Prime Minister David Cameron is walking on a dangerous hire wire rope ahead of the upcoming referendum. The PM attracts the attention of the UK, Member States, and EU officials on the EU membership referendum issue, raises question marks in minds about what areas he wants to negotiate with the EU, and gets people to ask or demand his wish-list. Not surprisingly he succeeds in this without much effort.
Cameron called the EU “too big, too bossy and too interfering” at the Conservative party’s annual conference in Manchester, but he neither commented on the date for the in/out referendum nor he said what success he had in the negotiations with the EU leaders.
In the conference speech he listed open borders, the currency and a Budget rebate or bailouts as some of the negatives of the Brussels. Then he said: “I have no romantic attachment to the EU and its institutions,” and added that the country in 1975 merely voted to stay in a common market. By which he gave the impression that no one in the UK is worried if Brexit ever takes place. Then he told the audience that the UK is very important to the EU, by pointing to the UK’s achievements in helping the Transatlantic Trade and Investment Partnership (TTIP) trade talks with the US and sanctions against Syria in the EU. This was tactical, as he was hoping to appeal to the audiences’ patriotic feelings.
At the 14-15 October European Council summit on Europe’s refugee crisis, Cameron continued to apply the same strategy and did not give out much information about the details of the referendum. Since the Members States and EU officials had enough of the PM’s vagueness about his demands, they were left frustrated. Thus they began to ask not only for clarity about what areas Cameron would like to hold talks on, but also on the date of the referendum.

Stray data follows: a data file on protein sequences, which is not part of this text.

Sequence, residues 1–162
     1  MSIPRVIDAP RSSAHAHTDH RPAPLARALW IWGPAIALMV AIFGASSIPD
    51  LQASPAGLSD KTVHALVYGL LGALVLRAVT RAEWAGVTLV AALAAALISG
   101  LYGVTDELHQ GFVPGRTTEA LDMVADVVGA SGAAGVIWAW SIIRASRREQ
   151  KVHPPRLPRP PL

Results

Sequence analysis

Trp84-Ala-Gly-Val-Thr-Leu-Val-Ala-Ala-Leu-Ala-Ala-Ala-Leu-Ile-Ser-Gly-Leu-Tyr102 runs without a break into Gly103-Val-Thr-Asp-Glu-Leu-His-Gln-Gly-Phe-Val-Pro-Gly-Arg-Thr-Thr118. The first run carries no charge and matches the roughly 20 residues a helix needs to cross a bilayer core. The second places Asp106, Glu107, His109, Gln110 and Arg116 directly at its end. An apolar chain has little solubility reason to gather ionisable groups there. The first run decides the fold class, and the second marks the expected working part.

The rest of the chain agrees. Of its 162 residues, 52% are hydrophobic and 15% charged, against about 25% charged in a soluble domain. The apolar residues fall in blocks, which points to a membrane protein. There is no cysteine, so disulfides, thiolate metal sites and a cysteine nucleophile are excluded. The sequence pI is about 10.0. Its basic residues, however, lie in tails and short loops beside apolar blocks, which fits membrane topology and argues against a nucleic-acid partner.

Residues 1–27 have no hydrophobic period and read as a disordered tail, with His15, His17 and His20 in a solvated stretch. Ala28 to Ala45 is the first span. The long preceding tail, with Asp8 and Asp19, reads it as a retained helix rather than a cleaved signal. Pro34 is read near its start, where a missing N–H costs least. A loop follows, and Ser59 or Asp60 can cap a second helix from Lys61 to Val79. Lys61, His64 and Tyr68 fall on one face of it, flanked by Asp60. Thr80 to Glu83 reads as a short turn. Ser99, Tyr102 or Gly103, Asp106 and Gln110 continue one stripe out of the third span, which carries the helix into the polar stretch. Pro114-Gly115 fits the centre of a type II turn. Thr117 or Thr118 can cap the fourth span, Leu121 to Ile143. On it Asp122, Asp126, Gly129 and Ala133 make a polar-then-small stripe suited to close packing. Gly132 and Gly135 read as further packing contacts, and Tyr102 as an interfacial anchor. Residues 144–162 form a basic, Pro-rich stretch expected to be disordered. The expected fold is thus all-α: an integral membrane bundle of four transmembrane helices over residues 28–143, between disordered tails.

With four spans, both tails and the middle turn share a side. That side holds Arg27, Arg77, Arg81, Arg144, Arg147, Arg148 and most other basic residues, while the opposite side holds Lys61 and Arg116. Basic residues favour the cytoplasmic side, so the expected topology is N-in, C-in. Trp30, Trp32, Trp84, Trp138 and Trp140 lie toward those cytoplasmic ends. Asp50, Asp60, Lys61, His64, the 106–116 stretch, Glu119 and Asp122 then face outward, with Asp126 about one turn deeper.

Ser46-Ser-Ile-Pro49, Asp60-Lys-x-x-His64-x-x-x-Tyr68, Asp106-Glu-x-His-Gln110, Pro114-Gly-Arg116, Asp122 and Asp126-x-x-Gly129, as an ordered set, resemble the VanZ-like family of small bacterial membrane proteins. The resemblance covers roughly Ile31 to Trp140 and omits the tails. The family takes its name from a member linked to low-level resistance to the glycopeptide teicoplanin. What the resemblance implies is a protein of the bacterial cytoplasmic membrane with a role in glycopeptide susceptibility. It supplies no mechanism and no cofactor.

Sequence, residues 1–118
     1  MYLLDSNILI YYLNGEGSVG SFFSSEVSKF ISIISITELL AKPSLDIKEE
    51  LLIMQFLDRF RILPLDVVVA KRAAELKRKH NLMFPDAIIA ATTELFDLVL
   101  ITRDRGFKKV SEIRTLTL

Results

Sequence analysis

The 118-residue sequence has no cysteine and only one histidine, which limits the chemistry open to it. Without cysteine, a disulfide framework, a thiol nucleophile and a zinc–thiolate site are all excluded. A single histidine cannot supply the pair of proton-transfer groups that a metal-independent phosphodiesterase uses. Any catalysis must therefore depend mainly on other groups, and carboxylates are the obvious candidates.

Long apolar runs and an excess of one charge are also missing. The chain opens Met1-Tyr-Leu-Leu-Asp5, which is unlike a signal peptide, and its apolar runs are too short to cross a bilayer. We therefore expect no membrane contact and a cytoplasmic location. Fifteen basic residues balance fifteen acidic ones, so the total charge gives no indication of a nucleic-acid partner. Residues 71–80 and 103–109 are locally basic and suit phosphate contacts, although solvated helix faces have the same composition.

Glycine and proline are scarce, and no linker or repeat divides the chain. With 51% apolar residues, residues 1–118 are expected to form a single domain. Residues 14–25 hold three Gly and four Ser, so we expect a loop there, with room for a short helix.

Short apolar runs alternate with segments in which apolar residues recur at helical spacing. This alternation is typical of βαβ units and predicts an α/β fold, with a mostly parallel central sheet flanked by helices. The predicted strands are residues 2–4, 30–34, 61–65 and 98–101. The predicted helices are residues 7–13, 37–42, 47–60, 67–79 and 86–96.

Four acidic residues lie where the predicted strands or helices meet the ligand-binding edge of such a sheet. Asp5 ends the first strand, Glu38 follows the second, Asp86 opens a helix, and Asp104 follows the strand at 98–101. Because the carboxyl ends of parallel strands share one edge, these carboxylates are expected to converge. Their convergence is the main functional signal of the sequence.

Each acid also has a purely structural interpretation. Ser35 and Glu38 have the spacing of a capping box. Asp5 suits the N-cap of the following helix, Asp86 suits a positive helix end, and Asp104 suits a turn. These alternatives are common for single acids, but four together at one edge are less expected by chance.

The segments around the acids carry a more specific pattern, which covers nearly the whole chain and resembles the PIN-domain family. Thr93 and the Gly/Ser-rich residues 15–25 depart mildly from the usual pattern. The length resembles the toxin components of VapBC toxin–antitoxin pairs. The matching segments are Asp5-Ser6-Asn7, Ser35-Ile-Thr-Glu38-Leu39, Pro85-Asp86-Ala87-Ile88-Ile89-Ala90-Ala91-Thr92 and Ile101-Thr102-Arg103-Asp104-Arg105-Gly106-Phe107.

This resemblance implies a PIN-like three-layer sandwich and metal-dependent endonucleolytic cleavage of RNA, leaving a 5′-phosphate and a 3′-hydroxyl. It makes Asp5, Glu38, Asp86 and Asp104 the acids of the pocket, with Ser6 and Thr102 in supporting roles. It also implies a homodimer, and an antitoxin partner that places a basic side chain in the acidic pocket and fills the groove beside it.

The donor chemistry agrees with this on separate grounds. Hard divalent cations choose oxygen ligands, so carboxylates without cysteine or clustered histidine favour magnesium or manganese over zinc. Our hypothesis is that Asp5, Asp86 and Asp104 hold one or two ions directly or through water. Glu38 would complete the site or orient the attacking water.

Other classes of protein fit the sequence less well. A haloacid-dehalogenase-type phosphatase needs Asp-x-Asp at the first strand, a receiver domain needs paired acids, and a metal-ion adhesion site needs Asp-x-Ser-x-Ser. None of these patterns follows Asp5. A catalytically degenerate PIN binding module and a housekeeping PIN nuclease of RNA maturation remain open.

So far, Martin Schulz, the president of the European Parliament, said: “It is up to the Cameron government to make proposals. It is not up to us”. Similarly, Charles Michel, the Belgian prime minister, said he expected Cameron to “explain and detail” his position, voicing bemusement that this had not happened already. He also added: “I asked for information a long time ago. I still haven’t received anything.”
Whereas, Jean-Claude Juncker, the president of the European commission voiced his impatience with Cameron’s tactics, telling the European parliament: “I cannot say huge progress has been achieved” and said: “To tango it takes two. I’m not a splendid dancer but I know the rules. I have to dance. Our British friends have to dance, too.”
The EU officials are concerned that, in the absence of a document, British demands could change according to the political weather. Cameron had been warned that there would be no proper negotiations in December unless he gave the rest of the EU four weeks to consider the UK demands.
Following these loud voices emerging from the EU circles, Cameron immediately pledged to reveal his wish list of EU renegotiation demands by early November. Officials revealed that the demands would be initially set out in a confidential letter to EU Council President Donald Tusk, before being shared with MPs and made public.
Cameron’s well-crafted strategy seems to be working since without actually revealing much about his plans, he succeeded in getting our attention and making us both wonder and speculate about what his wish list of EU renegotiation demands may contain.
by Gulay Icoz